Sunday 19 May 2024
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Council’s spend on single consultancy firm now totals £2m

Nottingham City Council is preparing to spend a further £1m on a consultancy firm to help it improve its finances, bringing the total to more than £2m in a year.

The Labour-run authority had already approved spending around £1.1m on consulting and auditing firm PricewaterhouseCoopers (PwC) to deliver its financial improvement plan.

However, the council says PwC is again required “to support ongoing transformation programmes as part of the council’s overall improvement journey”.

The required expertise, which the council says it does not have within its own workforce, will cost £1.1m, plus up to £55,000 allocated for any expenses.

The commission of the consultancy firm will directly support instructions set by the Improvement and Assurances Board (IAB), which was appointed by the Government to oversee change and make sure the authority is providing best value for city taxpayers following the collapse of Robin Hood Energy.

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Such instructions must be met by the deadlines set by the board, after it was given additional powers to direct in favour of commissioner intervention earlier this year.

Of the spend, a council spokesman said: “PwC will provide capacity and expertise to enable up-to-date reporting of complex staffing data for managers at all levels in the council; support the development of the core strategic teams to maintain the council’s focus on best value in all services in the long-term; and provide capacity and expertise to support ongoing transformation programmes as part of the council’s overall improvement journey.”

PwC is is considered one of the ‘Big Four’ accounting firms alongside KPMG, Deloitte and Ernst and Young (EY).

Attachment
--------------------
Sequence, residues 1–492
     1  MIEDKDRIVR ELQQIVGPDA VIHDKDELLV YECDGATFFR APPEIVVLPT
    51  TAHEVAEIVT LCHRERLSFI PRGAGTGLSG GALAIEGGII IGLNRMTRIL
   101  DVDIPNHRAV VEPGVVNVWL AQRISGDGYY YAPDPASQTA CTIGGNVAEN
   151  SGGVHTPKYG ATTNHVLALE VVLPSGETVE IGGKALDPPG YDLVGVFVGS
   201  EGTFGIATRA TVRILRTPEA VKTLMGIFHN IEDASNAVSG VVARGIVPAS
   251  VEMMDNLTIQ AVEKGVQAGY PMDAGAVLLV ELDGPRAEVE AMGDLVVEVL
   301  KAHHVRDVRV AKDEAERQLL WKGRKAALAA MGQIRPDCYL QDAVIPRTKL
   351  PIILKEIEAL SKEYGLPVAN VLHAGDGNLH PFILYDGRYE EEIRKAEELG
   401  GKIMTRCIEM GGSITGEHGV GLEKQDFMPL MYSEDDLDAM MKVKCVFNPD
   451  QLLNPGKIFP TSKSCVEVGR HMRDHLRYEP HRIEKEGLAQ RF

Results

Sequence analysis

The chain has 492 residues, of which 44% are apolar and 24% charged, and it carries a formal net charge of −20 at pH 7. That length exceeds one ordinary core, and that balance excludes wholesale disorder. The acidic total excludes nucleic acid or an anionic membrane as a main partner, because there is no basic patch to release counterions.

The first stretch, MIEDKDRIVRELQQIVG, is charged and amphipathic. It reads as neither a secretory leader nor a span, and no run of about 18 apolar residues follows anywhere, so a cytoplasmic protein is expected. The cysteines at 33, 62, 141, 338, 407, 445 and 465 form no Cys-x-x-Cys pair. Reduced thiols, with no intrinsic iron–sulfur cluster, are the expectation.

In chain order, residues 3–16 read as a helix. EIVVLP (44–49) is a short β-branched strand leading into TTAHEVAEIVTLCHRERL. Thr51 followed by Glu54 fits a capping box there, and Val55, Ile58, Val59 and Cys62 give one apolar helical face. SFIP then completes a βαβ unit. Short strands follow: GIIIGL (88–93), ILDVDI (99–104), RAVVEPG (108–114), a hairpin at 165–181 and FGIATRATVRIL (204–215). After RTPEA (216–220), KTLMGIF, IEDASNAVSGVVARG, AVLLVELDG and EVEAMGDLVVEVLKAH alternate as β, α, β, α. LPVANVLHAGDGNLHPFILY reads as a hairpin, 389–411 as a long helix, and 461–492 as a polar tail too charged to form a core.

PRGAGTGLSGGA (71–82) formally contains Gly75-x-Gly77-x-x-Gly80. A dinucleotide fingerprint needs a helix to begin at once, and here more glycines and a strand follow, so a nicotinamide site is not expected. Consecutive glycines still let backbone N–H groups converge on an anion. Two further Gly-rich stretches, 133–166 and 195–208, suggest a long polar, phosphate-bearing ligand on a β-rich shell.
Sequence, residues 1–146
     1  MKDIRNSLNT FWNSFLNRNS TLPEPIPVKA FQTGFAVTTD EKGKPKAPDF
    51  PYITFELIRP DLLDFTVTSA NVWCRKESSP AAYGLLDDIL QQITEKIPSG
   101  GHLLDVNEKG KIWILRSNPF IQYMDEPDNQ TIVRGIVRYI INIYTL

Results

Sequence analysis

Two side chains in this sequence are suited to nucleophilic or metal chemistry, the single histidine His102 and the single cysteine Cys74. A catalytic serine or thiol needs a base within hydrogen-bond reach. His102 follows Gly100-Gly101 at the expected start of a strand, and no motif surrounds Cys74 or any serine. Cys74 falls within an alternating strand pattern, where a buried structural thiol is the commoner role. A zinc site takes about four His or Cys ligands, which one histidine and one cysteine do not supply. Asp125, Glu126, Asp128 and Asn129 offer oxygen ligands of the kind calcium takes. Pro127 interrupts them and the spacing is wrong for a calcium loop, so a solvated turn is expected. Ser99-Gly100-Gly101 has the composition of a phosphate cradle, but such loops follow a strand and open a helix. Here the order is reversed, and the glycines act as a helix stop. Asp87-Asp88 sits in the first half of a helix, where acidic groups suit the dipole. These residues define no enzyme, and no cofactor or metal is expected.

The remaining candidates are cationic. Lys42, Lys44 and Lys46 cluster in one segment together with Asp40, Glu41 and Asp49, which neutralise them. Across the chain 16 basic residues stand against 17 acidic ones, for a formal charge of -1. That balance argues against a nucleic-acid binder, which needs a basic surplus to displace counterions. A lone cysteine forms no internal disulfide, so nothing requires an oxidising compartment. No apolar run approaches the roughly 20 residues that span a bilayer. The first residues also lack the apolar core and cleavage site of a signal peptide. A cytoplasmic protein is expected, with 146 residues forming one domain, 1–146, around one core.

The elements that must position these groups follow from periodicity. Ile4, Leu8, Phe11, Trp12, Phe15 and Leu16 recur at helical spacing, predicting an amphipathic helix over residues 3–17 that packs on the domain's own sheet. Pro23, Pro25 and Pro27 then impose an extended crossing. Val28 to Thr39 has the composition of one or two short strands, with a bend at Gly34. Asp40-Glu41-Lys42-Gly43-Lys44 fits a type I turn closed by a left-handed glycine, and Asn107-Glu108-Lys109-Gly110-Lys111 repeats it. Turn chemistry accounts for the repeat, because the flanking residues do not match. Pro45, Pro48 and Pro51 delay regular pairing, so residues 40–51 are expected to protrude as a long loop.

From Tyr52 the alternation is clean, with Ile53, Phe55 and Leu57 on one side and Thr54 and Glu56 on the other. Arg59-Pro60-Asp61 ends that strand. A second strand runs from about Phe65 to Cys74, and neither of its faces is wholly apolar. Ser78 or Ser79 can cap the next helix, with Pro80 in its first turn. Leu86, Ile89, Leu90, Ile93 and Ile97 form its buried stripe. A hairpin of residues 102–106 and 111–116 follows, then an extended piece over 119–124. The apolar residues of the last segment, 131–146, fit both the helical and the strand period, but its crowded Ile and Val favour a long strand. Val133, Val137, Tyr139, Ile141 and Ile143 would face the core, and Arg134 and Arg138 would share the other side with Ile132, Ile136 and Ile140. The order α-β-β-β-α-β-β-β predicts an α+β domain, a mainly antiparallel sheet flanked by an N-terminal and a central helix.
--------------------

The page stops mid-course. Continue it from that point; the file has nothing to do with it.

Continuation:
The firm has also been working as the council’s ‘strategic delivery partner’, a role which ensures the delivery of savings included in the authority’s recently approved four-year financial plan (MFTP) and its Together for Nottingham improvement plan.

Its contract as the delivery partner was extended for six weeks towards the end of last year, costing a further £149,000.

Last week the council further published separate documents revealing it would be calling upon another of the Big Four firms, Ernst and Young Global Limited (EY), to help its finance team solve problems in its accounts and finances.

EY’s assistance over 12 weeks will come at a cost of £175,000, plus any expenses.

The funding for both sets of work will come from a £2.4m funding allocation to support its response to the Improvement and Assurance Board instructions, the council says.

This allocation is a part of the Financial Resilience Reserve, which was approved by the Executive Board in March, along with the transformation reserve held for the funding of improvement activities met from revenue the council has set aside.

Improvements are also being funded using some of the cash generated from the selling of property assets the council no longer needs.

And a £20m sum has also been borrowed for these activities, with the council’s assets used as security against it.

Speaking previously of the use of consultancy firms, council leader, Cllr David Mellen (Lab), said : “Where this work is specialised or we don’t have the necessary capacity within the council, we need to bring in external expertise.

“Often this work is for shorter periods only so it makes more economic sense to have people working on these specific projects with temporary contracts rather than as permanent staff so they can drive and direct the required changes which will leave us a better, more efficient council.”

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